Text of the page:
I have been wanting to reread Josephine Tey's The Daughter of Time for quite a while now. The more I read on Richard III, the more I want to read. I just find this time period to be oh-so-fascinating. And the more you read, the easier it is to keep track of who's who and who's loyal and who's not. In this Alan Grant mystery, a bed-ridden Grant turns to solving a historical mystery since he can't be working on any actual cases. A friend knowing of his boredom, of his whining, brings him a stack of portraits, hoping that one face will interest him more than the others perhaps. Grant chooses Richard III. He vaguely remembers his story, but, he wants to refresh his memory. So he begins by reading school books, then historical fiction, and then biography, etc. Grant becomes very opinionated on what he reads, judging that what passes as historical fact wouldn't be acceptable as evidence or proof in court. In other words, he finds the history books to be all gossip. For example, the biography that is supposedly so esteemed, the author would have been FIVE years old when Richard III was on the throne. Yet he writes as if he was an eyewitness to the dramatic events. Grant argues (mostly with himself and perhaps also with his two nurses) that at best the man's facts would be just stories he'd heard from others and written down. Since the biographer grew up and came into power during the Tudors--who had every reason in the world for hating and slandering Richard III--then the stories passed down to him would have bias to them. Who would make a hero out of Richard III when Henry VII or Henry VIII reigned?! He finds a kindred spirit in an American researcher named Brent Carradine. Since Grant is stuck in bed, Carradine is the man doing the hard work, digging into research. Together they discuss the facts as they see them, Grant arranges the facts seeing what he can piece together, seeing if he can make a narrative that works. He just can't believe that Richard III murdered his two nephews. Grant believes that Richard is the one with the least motive to want them dead. For their deaths do him no good whatsoever, just harm.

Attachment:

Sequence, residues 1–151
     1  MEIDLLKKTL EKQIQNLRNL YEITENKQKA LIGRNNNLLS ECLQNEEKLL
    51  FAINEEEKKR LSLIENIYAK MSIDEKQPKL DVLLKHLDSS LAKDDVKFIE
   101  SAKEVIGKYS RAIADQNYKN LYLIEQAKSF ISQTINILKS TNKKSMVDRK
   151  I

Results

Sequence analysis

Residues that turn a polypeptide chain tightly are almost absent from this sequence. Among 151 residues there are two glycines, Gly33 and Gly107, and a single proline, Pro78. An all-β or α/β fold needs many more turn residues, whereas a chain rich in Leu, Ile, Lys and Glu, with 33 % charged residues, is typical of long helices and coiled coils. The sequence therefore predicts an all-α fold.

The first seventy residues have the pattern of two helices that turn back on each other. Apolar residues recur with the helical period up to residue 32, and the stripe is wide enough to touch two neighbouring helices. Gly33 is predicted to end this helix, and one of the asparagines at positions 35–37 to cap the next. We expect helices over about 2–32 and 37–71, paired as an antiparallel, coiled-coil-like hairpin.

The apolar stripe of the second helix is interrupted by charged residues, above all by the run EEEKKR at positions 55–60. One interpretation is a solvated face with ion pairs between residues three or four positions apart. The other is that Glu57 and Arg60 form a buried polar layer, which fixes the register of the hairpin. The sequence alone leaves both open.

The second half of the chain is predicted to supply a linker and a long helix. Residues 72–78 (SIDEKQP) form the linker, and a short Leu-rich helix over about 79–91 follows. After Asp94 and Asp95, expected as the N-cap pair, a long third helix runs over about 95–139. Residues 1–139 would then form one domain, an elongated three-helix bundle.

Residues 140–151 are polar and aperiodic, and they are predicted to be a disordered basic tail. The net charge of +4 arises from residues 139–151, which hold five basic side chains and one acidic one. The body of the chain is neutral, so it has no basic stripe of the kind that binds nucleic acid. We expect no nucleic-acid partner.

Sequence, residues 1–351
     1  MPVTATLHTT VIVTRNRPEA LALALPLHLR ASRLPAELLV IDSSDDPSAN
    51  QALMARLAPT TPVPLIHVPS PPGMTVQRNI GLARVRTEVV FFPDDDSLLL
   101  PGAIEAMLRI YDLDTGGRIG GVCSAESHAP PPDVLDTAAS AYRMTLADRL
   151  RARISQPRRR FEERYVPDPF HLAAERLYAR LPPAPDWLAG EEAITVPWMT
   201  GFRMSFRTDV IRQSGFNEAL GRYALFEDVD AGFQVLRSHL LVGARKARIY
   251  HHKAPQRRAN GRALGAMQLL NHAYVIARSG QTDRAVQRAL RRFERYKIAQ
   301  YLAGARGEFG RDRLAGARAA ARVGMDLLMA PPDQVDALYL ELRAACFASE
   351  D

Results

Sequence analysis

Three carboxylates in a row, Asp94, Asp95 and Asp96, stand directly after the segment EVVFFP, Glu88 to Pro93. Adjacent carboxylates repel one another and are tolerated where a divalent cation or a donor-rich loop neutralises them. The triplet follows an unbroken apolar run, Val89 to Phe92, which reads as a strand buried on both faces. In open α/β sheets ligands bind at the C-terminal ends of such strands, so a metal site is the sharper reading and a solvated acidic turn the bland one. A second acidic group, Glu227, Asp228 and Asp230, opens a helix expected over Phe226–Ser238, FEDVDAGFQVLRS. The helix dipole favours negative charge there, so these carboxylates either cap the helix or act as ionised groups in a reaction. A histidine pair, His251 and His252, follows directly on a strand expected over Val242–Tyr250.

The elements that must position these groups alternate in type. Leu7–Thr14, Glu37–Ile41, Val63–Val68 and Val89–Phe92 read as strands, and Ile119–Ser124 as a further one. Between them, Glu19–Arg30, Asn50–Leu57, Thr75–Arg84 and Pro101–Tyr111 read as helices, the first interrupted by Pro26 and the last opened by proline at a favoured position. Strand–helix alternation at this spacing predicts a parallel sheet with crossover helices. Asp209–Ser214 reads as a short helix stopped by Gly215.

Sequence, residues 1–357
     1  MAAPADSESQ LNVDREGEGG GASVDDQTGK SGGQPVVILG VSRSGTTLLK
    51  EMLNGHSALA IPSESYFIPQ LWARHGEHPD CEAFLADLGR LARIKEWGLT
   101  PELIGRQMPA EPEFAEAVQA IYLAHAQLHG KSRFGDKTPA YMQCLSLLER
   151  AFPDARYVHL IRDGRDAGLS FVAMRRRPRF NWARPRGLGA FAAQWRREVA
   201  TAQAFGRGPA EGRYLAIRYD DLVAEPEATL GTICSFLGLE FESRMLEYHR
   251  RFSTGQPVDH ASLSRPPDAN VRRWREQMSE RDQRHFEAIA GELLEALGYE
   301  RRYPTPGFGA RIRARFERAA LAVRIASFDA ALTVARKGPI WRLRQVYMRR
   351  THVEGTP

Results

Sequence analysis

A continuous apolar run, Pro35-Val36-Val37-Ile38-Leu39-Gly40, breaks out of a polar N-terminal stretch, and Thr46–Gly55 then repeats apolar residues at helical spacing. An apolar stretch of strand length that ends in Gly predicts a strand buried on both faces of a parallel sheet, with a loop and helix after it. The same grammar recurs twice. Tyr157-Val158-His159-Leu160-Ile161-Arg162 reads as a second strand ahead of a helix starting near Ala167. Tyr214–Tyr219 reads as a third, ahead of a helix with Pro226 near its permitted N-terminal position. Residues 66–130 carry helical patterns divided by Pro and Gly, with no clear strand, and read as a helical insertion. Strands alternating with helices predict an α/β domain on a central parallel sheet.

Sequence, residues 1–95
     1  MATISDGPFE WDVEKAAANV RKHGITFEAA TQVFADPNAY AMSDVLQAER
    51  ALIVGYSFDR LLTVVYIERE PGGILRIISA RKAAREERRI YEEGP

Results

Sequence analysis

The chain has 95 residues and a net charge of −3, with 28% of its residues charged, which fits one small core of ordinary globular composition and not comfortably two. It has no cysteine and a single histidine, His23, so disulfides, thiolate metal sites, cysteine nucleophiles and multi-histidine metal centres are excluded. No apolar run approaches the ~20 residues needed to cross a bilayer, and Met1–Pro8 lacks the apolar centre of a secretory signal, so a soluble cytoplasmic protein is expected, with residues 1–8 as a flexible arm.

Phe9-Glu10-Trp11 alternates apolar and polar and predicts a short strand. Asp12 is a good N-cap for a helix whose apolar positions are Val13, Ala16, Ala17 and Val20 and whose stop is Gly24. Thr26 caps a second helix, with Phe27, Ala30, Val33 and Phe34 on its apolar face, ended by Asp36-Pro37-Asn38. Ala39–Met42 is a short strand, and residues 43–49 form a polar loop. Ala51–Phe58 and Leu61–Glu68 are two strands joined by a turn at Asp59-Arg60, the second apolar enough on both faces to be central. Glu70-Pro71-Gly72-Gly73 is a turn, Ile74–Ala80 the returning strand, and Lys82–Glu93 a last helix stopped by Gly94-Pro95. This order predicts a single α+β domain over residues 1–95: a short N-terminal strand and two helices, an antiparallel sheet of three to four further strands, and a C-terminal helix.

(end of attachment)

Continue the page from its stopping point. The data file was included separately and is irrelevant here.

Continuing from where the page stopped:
The Daughter of Time isn't your typical mystery novel. The detective essentially just stays in bed and reads one book after another after another. He also discusses Richard III with anyone who enters his hospital room. (His nurses don't find Richard III as fascinating as Grant does.) For readers who do enjoy history, historical fiction, this one can prove satisfying. There is a chance that mystery lovers may enjoy this one too, after all Grant himself HATES history or hates reading history, but, it may not be for everyone.
And this SONG is a must!!!!
You might also be interested in: The White Queen by Philippa Gregory, The Tudor Rose: A Novel of Elizabeth of York by Margaret Campbell Barnes, Richard III by William Shakespeare, The Stolen Crown by Susan Higginbotham, Sent by Margaret Peterson Haddix. Rose of York: Love & War by Sandra Worth. The Sunne in Splendour by Sharon Kay Penman. The Kingmaker's Daughter by Philippa Gregory. The Red Queen by Phillipa Gregory. The Lady of the Rivers by Philippa Gregory.
© 2012 Becky Laney of Becky's Book Reviews